Lark sparrow adult upperparts are gray-brown with dark brown and tan streaks and spots; the head has an ornate pattern, with chestnut cheeks and crown stripes, a pale central crown stripe, and a buff eye line. The tail is dark, with the outer two corners having large white tips, similar to an eastern towhee's tail, only much smaller. Underparts are clear gray, with a dark central breast spot. Juveniles have a duller pattern with streaked underparts. Song begins with two clear whistles, followed by a varied series of buzzes, trills, chirps, and whistles. Call is a tchip or tsip.
Similar species: If you are driving down a gravel road in northern Missouri in the summer, and a sparrow-sized bird with white in the tail flies up in front of the car, it might be a lark sparrow or a vesper sparrow. The lark sparrow has a brown and black, rounded-tipped tail with white corners. The vesper sparrow has a slightly notched, all-dark tail, except the two outer tail feathers are mostly white. Vesper sparrows also have streaked breasts, and they lack the unique face markings of the lark sparrow. Horned larks are also common in the same habitats; they are about an inch longer, appear slimmer in profile, and have a black tail with white outer tail feathers.
Length: 6½ inches.
Habitat and Conservation
Usually seen in farmlands, prairies, roadsides, woodland edges, and row-crop fields — open places where a few trees and shrubs, or forested tracts are nearby. On the ground, the lark sparrow typically walks, instead of hopping. One old-fashioned name for it was “road-bird,” for its commonness along roadways.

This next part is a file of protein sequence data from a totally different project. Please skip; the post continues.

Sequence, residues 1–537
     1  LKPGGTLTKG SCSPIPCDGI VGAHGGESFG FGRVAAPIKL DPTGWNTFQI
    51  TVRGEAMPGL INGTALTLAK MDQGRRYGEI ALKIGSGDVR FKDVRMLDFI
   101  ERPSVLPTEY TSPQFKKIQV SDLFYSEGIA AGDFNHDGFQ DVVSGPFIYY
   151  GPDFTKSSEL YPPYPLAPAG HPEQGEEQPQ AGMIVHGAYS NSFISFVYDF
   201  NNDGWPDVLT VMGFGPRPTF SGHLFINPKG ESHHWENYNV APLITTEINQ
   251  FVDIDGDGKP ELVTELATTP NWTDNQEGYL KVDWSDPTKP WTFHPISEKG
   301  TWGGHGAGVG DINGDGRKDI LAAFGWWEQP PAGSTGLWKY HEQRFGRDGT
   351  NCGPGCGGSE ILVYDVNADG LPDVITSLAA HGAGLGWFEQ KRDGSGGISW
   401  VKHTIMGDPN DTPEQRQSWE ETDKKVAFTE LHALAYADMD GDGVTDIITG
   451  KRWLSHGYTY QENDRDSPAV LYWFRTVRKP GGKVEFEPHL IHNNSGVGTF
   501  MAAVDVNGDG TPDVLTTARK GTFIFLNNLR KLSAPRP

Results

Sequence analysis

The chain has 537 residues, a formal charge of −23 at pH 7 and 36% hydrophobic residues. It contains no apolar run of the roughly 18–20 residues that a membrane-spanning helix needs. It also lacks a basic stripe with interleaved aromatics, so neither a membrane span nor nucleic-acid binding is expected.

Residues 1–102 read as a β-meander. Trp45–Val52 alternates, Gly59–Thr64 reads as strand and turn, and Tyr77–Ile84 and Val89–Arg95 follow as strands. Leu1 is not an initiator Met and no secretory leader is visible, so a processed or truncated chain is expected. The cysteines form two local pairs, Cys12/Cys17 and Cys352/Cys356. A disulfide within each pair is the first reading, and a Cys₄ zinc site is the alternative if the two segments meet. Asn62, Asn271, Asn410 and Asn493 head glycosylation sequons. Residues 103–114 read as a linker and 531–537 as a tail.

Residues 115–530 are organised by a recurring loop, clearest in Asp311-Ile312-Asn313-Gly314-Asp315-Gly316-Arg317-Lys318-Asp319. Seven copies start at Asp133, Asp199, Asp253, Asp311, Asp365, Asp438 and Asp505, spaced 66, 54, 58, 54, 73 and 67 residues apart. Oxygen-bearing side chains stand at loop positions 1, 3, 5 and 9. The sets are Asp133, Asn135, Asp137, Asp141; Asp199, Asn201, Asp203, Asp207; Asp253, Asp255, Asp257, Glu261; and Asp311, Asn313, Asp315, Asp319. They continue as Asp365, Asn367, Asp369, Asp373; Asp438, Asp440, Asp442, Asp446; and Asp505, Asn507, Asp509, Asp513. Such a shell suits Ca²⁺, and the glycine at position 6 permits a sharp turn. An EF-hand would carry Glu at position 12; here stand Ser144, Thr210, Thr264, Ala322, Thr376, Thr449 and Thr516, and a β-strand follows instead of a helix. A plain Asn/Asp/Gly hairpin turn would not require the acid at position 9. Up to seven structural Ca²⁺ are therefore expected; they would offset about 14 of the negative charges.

Forages on the ground for insects and seeds in open areas. Grasshoppers are one favorite food; grass and weed seeds make up a large percentage of the diet.
Uncommon summer breeding resident; as a winter visitor, accidental in southwest Missouri. The lark sparrow is the only member of its genus. One obsolete common name for this species is “quail head,” apparently because of the color pattern on the face and crown. In the early 1900s, this species seemed to be expanding its range. But in the past 50 years, its populations have declined by about 35 percent.
Present in Missouri from mid-March through the end of November. The male performs a courtship dance, hunching down, cocking and spreading his tail feathers, then strutting with wingtips held low to the ground. Cup nests are built on the ground or in low branches and made of grasses, twigs, and other fine materials. Sometimes lark sparrows use a former mockingbird or brown thrasher nest; also, there is evidence that the two species may even share the nest concurrently. A clutch comprises 3–6 eggs. Lark sparrows can live to be at least 9 years old. Their winter territory ranges from Texas south into Guatemala.
Any New World bird with the word “lark” in its name probably has something in common with the true larks — an unrelated Old World family. Perhaps it is a sweet, beautiful, bubbly song that reminded people of the true larks. Or perhaps it is the open-country, ground-dwelling habit, which is also like that of the Old World larks.
The eggs and young of ground-nesting birds are especially vulnerable to predation. Even carefully concealed nests can be discovered by snakes, raccoons, and other predators. Lark sparrows eat plenty of seeds, but they consume a larger proportion of insects during nesting season, when the growing young need extra protein.
About 350 species of birds are likely to be seen in Missouri, though nearly 400 have been recorded within our borders. Most people know a bird when they see one — it has feathers, wings, and a bill. Birds are warm-blooded, and most species can fly. Many migrate hundreds or thousands of miles. Birds lay hard-shelled eggs (often in a nest), and the parents care for the young. Many communicate with songs and calls.